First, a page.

Unable to unveil his rap song at a suppressed flash-mob protest against Uzbekistan's ban on women covering their heads in public places, singer Young Zapik released it on social media.
The young underground rapper's ode in support of a woman's right to wear an Islamic head scarf, Beautiful Girl In Hijab, has made a big splash on social media and has led to stormy debates on the ban.
Many people are against the hijab ban -- which has been in place since the 1990s rule of authoritarian President Islam Karimov -- and were angered that a flash-mob protest set for September 5 in Tashkent was disallowed by officials.
"We wanted to hold a peaceful assembly on September 5 in defense of our women wearing head scarves and dressing in the hijab," one Tashkent blogger told RFE/RL's Uzbek Service on the condition of anonymity for fear of retribution. "However, the authorities did not allow us to hold such an event. The song of [Young Zapik] was to become a leitmotif to unite all the participants of the [rally]."
After the flash-mob ban, Young Zapik, whose identity is unknown and who has refused to speak to RFE/RL or other media outlets for fear of arrest, put his pro-headwear lyrics about a beautiful woman in a hijab on his Instagram page.
The song includes the lines:
The hijab suits her, but I can't look at her face
I want to win her over, but why can't I declare my love to her myself?
The rapper goes on to glorify the "piousness of the girl in a hijab," by singing:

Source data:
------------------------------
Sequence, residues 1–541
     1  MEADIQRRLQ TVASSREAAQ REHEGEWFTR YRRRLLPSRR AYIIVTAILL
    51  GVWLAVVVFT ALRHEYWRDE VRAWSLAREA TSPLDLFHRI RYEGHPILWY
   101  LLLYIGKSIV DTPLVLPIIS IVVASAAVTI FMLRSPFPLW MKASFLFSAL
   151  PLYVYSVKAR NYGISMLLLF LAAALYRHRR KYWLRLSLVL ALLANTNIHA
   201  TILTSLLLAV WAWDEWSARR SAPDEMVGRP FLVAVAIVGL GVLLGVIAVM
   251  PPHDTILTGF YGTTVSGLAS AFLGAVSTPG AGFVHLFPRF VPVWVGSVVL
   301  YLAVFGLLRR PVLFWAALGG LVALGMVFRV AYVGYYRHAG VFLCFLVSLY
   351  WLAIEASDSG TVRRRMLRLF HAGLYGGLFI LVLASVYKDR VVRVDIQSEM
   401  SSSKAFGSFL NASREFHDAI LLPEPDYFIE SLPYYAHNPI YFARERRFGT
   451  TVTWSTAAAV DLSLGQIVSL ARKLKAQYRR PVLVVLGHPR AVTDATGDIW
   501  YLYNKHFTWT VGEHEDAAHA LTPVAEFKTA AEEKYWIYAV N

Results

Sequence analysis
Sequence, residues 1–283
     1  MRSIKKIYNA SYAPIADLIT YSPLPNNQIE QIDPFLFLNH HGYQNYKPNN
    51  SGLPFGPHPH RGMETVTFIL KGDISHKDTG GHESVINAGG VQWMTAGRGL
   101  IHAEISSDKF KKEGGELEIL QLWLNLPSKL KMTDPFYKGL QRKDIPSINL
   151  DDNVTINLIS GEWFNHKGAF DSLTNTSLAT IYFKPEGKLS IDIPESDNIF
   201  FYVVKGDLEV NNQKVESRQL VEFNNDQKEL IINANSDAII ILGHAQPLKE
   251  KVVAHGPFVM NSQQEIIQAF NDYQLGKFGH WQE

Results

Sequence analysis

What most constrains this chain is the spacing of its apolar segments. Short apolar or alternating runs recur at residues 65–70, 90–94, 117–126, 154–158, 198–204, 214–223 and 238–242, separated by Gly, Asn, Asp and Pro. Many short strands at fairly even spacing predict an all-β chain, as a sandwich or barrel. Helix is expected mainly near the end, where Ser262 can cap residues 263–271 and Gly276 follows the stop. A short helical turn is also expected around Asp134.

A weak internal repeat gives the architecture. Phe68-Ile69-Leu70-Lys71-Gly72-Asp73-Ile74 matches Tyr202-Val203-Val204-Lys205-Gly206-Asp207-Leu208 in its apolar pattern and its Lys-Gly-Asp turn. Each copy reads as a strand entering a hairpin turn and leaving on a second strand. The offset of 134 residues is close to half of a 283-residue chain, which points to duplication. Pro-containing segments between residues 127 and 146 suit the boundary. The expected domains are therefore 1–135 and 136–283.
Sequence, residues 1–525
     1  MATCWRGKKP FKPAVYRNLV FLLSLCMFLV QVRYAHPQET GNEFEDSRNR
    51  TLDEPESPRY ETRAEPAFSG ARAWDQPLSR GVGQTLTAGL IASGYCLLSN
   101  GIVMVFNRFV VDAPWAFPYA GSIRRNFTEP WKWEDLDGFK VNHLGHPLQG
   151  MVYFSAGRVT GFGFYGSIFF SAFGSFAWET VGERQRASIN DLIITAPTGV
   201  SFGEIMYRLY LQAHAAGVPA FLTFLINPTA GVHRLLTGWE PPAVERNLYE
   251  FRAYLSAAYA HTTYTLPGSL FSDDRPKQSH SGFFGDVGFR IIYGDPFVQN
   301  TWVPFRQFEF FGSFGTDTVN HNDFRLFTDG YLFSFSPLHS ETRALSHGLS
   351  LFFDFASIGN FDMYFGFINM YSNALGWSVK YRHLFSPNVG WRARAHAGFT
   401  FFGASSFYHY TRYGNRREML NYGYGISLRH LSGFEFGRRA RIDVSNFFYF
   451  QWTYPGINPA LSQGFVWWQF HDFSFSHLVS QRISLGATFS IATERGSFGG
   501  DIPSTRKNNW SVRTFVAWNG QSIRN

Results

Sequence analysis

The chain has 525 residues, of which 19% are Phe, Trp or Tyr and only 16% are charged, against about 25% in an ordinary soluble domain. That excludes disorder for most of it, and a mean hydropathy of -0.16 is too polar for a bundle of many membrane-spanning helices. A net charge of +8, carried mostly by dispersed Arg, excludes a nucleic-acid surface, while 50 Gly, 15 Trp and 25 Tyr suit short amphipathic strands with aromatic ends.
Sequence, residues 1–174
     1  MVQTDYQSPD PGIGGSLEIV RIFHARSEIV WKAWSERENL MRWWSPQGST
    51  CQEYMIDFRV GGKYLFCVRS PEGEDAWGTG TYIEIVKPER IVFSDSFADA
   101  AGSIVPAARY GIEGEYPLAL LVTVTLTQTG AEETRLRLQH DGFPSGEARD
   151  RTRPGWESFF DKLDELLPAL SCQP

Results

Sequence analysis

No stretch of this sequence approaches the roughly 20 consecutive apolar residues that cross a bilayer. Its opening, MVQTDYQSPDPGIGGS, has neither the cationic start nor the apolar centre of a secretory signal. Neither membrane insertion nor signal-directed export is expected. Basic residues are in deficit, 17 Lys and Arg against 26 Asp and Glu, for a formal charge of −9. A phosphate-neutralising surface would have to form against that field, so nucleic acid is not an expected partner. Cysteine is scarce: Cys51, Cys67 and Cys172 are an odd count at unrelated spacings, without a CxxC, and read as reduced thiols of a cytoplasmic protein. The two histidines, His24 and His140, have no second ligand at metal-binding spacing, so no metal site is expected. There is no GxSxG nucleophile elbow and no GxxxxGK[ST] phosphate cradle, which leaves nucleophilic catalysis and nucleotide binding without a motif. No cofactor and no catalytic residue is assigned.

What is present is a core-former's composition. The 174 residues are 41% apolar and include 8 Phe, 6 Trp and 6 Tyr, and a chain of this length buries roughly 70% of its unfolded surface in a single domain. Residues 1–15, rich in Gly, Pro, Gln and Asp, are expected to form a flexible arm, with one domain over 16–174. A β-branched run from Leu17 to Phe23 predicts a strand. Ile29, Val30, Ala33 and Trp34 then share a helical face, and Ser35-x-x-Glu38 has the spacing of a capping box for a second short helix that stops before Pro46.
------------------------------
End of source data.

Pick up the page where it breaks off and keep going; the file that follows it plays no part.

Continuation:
Five prayers daily, love for Allah in her heart
Each prayer, she asks Allah for protection for her loved ones
But others in Uzbekistan don't think people should promote the wearing of the hijab and support the government ban on any such songs.
"In Islam, it is only during war that we are allowed to beat the drums," one Tashkent university student, who gave his name as Faruk Umar, told RFE/RL. "Now the rap song by Young Zapik has spread through Telegram [and other social-media sites] and I think this is wrong. [When] we [Muslims] perform such songs, we are committing sin."
Some Uzbeks point to what they see as hypocrisy by Young Zapik, who sings about his attraction to a woman in a hijab when the headwear itself is designed to reduce the appeal of a woman and prevent such interest. They add that rap music itself often promotes a lifestyle that can be seen as being against Islamic practices.
An official at Uzbekkontsert, the state body that oversees Uzbekistan's entertainment industry, told RFE/RL on the condition of anonymity because they are not authorized to speak to the media that Young Zapik was not registered as a singer with the entity and therefore had no license to record songs or otherwise carry out creative work.
The Uzbekkontsert employee added that at an official meeting of the agency last month, singers who sang about Islam or were shown in a hijab or with a beard were sharply criticized.
The coming to power of President Shavkat Mirziyoev in 2016, following the death of Karimov, brought hope to many Uzbeks that the hijab ban would be loosened or even scrapped.
That optimism was reflected by "hijab activism," seen mostly online and exemplified by Young Zapik's protest song.
In September, a Tashkent imam, Fazliddin Parpiev, rejected his state-approved Friday Prayer sermon and proclaimed his opposition to the state's ban on head coverings and bearded men. This led to his immediate expulsion from his post.
The big hope many had for change in social policies under Mirziyoev fizzled when the government announced a new nationwide school-uniform policy on August 16, which made it clear that hijabs would continue to be banned in Uzbekistan.